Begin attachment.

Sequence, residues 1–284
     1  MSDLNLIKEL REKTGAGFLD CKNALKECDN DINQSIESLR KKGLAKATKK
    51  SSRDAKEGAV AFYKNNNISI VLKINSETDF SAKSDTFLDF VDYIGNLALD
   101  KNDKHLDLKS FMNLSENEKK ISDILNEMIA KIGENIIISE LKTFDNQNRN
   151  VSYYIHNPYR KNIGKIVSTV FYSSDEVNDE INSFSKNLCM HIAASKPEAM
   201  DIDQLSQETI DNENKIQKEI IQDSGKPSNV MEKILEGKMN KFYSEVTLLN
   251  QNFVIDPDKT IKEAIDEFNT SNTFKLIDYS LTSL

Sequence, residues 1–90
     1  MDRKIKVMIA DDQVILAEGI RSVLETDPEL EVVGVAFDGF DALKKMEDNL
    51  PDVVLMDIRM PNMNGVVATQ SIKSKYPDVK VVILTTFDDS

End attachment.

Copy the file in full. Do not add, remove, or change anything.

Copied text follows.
Sequence, residues 1–284
     1  MSDLNLIKEL REKTGAGFLD CKNALKECDN DINQSIESLR KKGLAKATKK
    51  SSRDAKEGAV AFYKNNNISI VLKINSETDF SAKSDTFLDF VDYIGNLALD
   101  KNDKHLDLKS FMNLSENEKK ISDILNEMIA KIGENIIISE LKTFDNQNRN
   151  VSYYIHNPYR KNIGKIVSTV FYSSDEVNDE INSFSKNLCM HIAASKPEAM
   201  DIDQLSQETI DNENKIQKEI IQDSGKPSNV MEKILEGKMN KFYSEVTLLN
   251  QNFVIDPDKT IKEAIDEFNT SNTFKLIDYS LTSL

Sequence, residues 1–90
     1  MDRKIKVMIA DDQVILAEGI RSVLETDPEL EVVGVAFDGF DALKKMEDNL
    51  PDVVLMDIRM PNMNGVVATQ SIKSKYPDVK VVILTTFDDS